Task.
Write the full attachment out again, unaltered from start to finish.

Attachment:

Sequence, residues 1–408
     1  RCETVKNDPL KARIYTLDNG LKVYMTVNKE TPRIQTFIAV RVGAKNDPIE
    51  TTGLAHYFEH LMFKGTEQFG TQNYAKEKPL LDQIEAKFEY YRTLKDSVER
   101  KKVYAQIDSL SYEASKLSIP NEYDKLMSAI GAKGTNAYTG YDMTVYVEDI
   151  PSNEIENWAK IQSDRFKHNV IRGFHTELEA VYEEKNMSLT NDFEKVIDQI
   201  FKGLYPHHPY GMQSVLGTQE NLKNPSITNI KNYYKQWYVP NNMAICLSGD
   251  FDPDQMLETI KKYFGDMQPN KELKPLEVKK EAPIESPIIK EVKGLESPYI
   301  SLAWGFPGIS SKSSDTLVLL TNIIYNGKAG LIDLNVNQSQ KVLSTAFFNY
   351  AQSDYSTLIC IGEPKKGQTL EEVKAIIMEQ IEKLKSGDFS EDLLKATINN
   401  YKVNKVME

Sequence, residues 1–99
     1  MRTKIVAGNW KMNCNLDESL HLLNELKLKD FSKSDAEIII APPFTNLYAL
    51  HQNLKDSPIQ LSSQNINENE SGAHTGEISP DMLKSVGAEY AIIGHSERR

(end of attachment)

Sequence, residues 1–408
     1  RCETVKNDPL KARIYTLDNG LKVYMTVNKE TPRIQTFIAV RVGAKNDPIE
    51  TTGLAHYFEH LMFKGTEQFG TQNYAKEKPL LDQIEAKFEY YRTLKDSVER
   101  KKVYAQIDSL SYEASKLSIP NEYDKLMSAI GAKGTNAYTG YDMTVYVEDI
   151  PSNEIENWAK IQSDRFKHNV IRGFHTELEA VYEEKNMSLT NDFEKVIDQI
   201  FKGLYPHHPY GMQSVLGTQE NLKNPSITNI KNYYKQWYVP NNMAICLSGD
   251  FDPDQMLETI KKYFGDMQPN KELKPLEVKK EAPIESPIIK EVKGLESPYI
   301  SLAWGFPGIS SKSSDTLVLL TNIIYNGKAG LIDLNVNQSQ KVLSTAFFNY
   351  AQSDYSTLIC IGEPKKGQTL EEVKAIIMEQ IEKLKSGDFS EDLLKATINN
   401  YKVNKVME

Sequence, residues 1–99
     1  MRTKIVAGNW KMNCNLDESL HLLNELKLKD FSKSDAEIII APPFTNLYAL
    51  HQNLKDSPIQ LSSQNINENE SGAHTGEISP DMLKSVGAEY AIIGHSERR